That’s right: we finally got to see Hive in all its glory. We saw his tentacles teased in “Paradise Lost” but “Ascension” finally gave us the full frontal. While his face is a bit too fishy (as in he looks like a pirahna) to be truly frightening, it was still some exceptional effects work bringing his comic visage to life. Between this and last week’s flame chain, the show continues to prove that it fares far better with CGI than it does with prosthetics. While it would have been neat for Hive to use his true appearance a bit more before he was blown up, especially in his final moments of life, it was still an effective moment that elevated the character to the monster threat status Brett Dalton‘s performance in a knock-off Loki coat was never quite able to achieve. Not every part of the Ward-as-Hive story worked, but it was still an interesting gamble on how to keep Dalton around while introducing a new threat, and it’s nice to see his arc come full circle in a way. That said, I am looking forward to a season where Ward isn’t a key threat any longer. The show has had some neat villains, but it’ll be nice to not constantly have Ward and all of his baggage lingering menacingly in the background as we move forward. Enough about our two deceased characters though; let’s talk about the living.

While I didn’t care for the two-episode long game of Pass The Cross or the show giving into the tired TV trope of using Christianity as a stand-in for faith, morality, evil, and finding meaning in life, there were a lot of great moments peppered throughout the finale. I enjoyed FitzSimmons taking some time to explore their burgeoning relationship. The scene of them talking about their vacation was all kinds of adorkable. Radcliffe was also a stand-out addition to the cast with his ability to add levity to almost every tense situation he was in. All of these moments of love, happiness, and comedy really help keep the show from veering too far off into brooding darkness and I’m glad the patented Marvel heart was always present throughout the dire proceedings. It was also pretty satisfying seeing Fitz continue his season-long arc of becoming more of a badass when he took out Giyera using an invisible gun. I believe this now completes his James Bond training that we saw begin during his Moroccan escapades in the season premiere last fall. Speaking of season-long payoffs, Mack finally got a full-fledged shotgun-axe!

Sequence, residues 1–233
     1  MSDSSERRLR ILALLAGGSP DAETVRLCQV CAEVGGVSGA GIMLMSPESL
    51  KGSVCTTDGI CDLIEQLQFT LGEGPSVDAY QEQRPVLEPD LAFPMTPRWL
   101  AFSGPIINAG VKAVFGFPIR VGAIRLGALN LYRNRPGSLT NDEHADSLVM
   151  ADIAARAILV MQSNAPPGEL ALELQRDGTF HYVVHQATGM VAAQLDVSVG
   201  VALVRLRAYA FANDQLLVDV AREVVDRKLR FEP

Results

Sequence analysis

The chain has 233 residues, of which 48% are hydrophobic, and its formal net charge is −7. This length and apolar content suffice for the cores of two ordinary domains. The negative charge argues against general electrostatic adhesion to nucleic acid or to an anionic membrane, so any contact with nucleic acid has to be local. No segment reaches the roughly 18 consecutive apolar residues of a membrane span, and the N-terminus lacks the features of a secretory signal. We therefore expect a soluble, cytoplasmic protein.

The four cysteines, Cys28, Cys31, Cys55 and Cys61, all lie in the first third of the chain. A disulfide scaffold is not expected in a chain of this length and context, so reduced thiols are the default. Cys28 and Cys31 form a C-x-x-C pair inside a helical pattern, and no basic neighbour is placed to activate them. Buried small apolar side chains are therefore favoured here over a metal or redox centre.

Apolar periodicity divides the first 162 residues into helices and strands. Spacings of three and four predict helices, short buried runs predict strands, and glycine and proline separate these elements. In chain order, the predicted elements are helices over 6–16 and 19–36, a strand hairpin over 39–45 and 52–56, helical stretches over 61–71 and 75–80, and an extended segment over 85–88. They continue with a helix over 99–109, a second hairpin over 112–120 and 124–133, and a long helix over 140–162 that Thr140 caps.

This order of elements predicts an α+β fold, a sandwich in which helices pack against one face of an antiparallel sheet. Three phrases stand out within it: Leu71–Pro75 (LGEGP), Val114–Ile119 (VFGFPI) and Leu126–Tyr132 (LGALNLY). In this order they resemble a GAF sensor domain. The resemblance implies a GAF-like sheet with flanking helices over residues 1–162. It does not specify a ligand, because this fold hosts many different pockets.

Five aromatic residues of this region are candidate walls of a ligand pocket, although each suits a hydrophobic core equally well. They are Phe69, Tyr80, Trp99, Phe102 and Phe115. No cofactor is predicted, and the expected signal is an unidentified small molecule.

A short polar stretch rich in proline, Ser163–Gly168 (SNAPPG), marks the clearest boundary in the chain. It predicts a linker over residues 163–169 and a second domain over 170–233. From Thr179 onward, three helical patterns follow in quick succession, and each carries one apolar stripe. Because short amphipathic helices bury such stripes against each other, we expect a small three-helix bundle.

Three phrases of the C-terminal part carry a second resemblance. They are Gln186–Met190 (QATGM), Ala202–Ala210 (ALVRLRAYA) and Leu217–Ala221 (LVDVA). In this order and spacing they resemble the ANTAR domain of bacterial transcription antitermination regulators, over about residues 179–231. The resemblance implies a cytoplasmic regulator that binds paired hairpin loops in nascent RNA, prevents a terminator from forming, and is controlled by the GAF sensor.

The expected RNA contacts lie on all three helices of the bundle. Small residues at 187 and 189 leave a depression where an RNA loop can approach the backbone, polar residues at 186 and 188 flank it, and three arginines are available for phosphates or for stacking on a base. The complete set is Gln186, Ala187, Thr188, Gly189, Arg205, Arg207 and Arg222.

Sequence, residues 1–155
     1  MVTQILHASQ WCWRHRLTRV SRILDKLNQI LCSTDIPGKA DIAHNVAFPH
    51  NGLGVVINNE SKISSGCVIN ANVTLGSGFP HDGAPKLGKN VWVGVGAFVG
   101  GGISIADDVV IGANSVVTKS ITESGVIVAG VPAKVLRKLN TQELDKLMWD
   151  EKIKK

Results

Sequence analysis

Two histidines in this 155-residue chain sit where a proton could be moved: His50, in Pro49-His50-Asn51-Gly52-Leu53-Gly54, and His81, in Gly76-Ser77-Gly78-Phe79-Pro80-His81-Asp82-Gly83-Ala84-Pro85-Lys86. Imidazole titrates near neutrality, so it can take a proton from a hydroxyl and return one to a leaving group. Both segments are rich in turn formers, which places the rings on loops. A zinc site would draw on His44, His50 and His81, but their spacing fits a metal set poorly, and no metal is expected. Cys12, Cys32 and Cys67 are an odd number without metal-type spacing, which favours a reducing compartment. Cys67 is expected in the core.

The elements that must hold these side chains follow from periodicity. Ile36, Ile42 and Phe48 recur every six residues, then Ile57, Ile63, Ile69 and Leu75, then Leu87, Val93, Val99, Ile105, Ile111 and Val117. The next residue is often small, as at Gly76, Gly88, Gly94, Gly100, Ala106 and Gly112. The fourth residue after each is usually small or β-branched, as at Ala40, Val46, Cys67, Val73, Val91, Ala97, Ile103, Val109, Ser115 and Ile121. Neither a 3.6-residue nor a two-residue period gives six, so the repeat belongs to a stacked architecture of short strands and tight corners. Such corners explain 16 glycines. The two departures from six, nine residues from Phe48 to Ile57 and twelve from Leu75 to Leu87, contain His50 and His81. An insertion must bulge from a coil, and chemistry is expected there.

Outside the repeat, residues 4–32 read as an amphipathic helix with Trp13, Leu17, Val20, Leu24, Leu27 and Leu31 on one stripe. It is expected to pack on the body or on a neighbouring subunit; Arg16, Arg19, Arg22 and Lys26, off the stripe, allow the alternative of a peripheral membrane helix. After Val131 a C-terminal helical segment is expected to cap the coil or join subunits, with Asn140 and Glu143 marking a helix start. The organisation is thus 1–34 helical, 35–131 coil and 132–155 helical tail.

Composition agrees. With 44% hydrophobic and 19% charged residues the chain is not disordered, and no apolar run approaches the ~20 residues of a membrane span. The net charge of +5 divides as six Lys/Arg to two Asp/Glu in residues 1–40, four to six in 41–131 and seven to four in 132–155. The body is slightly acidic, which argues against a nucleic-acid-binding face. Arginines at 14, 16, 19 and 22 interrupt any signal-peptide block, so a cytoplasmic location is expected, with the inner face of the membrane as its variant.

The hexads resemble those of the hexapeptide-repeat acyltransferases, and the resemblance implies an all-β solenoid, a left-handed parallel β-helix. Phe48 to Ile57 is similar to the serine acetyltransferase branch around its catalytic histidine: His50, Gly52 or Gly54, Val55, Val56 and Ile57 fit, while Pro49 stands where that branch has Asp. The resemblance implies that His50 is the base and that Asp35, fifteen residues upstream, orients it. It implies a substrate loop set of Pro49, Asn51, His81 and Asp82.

Shotgun Axe

He teased the idea in the premiere, brought it up again in the episode before the mid-season finale, and during “Watchdogs” he finally made a prototype; but there’s just no beating the real deal. While he barely gets to actually use it this episode, it still looks incredible. Here’s hoping the team has to fight some tree demons next season so Mack can really lay into some baddies with both ends of that thing. His growing relationship with Yo-Yo is also a highlight. I’m glad they’re both sticking around and hope that she joins the team permanently for Season 4. She’s got some neat powers and Henry Simmons and Natalia Cordova-Buckley have great chemistry. Sadly, May did almost nothing this episode, which is a shame as they seemed to be fleshing out her character a bit early in the season only to abandon it aside from some occasional moments with Andrew. In Season 2, her relationship with Andrew brought out some new sides to her, but since he became Lash it’s really held back her development since the writers seem more interested in his conflict than hers. Let’s hope next season see’s the return of the May-centric episode that was sorely missing this past year.